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Alice has painted a cat on a white disk such that the left eye of the cat is exactly on the center of the disk. Inspired by it, Bob grabbed a white disk of the same size and sat down to paint on it a cat exactly same as Alice's. But after he finished, he noticed that the cat has the exact same size and shape, but he has got the position wrong; its left eye is not at the center. Now he plans to cut the disk into pieces and reassemble them, so that he can get the cat's left eye at the center of the new disk, but he doesn't want to change the shape or size of the cat or the disk. How can he do that with making the fewest possible pieces?

Source: Mathematical Miniatures, by Savchev and Andreescu.

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  • $\begingroup$ Must the cuts be straight? $\endgroup$ – Henning Makholm Jun 27 '16 at 10:38
  • $\begingroup$ @HenningMakholm No, they need not be straight. $\endgroup$ – Ankoganit Jun 27 '16 at 10:48
  • $\begingroup$ @CarlLöndahl It's allowed, but it's not considered one cut. I should've said we need to minimise the number of pieces; editing soon. [..edited] $\endgroup$ – Ankoganit Jun 27 '16 at 10:50
  • $\begingroup$ I was thinking in terms of a CD, which will have no such solution. But now I see that the disks are not CDs :) $\endgroup$ – cst1992 Jun 27 '16 at 12:17
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    $\begingroup$ @ArturKirkoryan No, it's not mine, I remember seeing it in some book long ago. I'd grateful if someone can point out a citable source. $\endgroup$ – Ankoganit Jun 28 '16 at 2:45
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One (non-straight) cut:

Place Alice's disk on top of Bob's such that the cats match up. Cut off the part of Bob's disk that lies outside Alice's. The cut makes a circular arc that has the same distance between the endpoints as the part of the original perimeter that lies on the piece with the cat on it. Since the two circular arcs also have the same radius (and span less than 180° of the perimeter), you can move the cut-off lune to the other side of the main piece, and the two pieces now cover Alice's disk perfectly.
(picture of above construction)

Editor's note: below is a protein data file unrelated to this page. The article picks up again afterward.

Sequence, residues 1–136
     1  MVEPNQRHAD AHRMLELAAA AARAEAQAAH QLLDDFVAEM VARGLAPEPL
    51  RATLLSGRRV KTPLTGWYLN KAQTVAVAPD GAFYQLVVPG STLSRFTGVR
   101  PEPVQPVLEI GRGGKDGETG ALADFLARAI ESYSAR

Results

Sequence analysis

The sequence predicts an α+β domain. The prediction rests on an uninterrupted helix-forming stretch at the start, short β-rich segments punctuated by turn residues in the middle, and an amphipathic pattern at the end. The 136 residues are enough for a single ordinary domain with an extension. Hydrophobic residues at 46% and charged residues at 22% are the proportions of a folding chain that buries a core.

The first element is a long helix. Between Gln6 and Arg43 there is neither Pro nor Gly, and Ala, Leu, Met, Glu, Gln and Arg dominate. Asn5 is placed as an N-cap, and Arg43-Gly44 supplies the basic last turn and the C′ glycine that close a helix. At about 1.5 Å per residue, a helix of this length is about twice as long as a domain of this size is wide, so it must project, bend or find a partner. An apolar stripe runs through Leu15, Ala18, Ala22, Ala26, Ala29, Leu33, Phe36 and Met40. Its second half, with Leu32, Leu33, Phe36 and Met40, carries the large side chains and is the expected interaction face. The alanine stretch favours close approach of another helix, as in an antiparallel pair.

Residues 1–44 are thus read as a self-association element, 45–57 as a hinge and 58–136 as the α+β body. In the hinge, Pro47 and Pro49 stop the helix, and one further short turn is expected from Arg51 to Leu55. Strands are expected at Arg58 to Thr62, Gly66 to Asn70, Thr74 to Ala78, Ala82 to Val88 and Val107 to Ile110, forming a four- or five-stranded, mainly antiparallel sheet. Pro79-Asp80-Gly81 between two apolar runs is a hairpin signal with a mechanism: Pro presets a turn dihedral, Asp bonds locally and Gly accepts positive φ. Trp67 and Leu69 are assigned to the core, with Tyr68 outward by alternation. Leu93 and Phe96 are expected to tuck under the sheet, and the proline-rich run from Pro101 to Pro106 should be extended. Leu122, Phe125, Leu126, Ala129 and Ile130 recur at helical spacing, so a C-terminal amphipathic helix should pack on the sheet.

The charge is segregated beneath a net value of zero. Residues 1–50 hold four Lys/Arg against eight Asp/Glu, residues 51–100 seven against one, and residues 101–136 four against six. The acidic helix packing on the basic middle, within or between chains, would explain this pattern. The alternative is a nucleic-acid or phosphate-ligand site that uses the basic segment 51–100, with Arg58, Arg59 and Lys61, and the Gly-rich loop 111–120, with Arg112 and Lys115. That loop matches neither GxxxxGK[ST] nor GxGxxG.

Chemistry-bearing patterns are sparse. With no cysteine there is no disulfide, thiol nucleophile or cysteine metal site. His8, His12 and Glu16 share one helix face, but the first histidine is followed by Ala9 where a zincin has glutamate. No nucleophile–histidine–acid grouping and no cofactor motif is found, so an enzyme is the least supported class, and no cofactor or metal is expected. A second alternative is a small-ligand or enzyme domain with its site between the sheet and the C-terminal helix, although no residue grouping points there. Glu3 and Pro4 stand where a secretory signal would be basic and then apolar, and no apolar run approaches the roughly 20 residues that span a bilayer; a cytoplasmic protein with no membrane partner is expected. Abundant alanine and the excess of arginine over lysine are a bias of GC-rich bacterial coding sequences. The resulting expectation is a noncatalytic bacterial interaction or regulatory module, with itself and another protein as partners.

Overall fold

(Or a different image by Carl Löndahl: https://nup.pw/YK9cjY.png)

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  • $\begingroup$ That's correct. Can you add a picture? EDIT: Thanks. $\endgroup$ – Ankoganit Jun 27 '16 at 10:59
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    $\begingroup$ @Ankoganit: Done, though it assumes that "left eye" means "right paw". That shouldn't really matter, right? $\endgroup$ – Henning Makholm Jun 27 '16 at 11:00
  • $\begingroup$ I was drawing an image while you answered, you may use the one I made if you want nup.pw/YK9cjY.png no offense, you're image is pretty but not completely accurate :-) $\endgroup$ – Carl Löndahl Jun 27 '16 at 11:04
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    $\begingroup$ Purrfection :-) $\endgroup$ – Carl Löndahl Jun 27 '16 at 11:15
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    $\begingroup$ @CarlLöndahl your image helped me understand it better. $\endgroup$ – NVZ Jun 27 '16 at 14:25
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If curved cuts are not permitted, it may be possible, depending upon the size and placement of the cat, to cut a regular polygon which is entirely within the circle but outside the cat, such that rotating the cutout by some number of steps will put the eye in the right place. The old position of the eye, the new position of the eye, and the center of the polygon should form an isosceles triangle whose "odd" angle is appropriate to the number of faces on the polygon. It would be possible to place a large cat in such a way that no polygon-based solution would work, but if the cat is small enough any placement which isn't too close to the edge should suffice.

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  • $\begingroup$ a rectangular cut with the long or short axis through the eye and aligned with the direction the eye needs to move would also work $\endgroup$ – Jasen Aug 2 '16 at 21:03
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If the cat and the error in placement are small enough, make a circular cut of the same radius as that of the disk, extending all the way from one point A to another point B on the edge of the disk. Then turn the crescent-shaped cut piece by 180 degrees so that its end which used to be at A is at B and vice versa. (Same as Henning's answer, I now see.)

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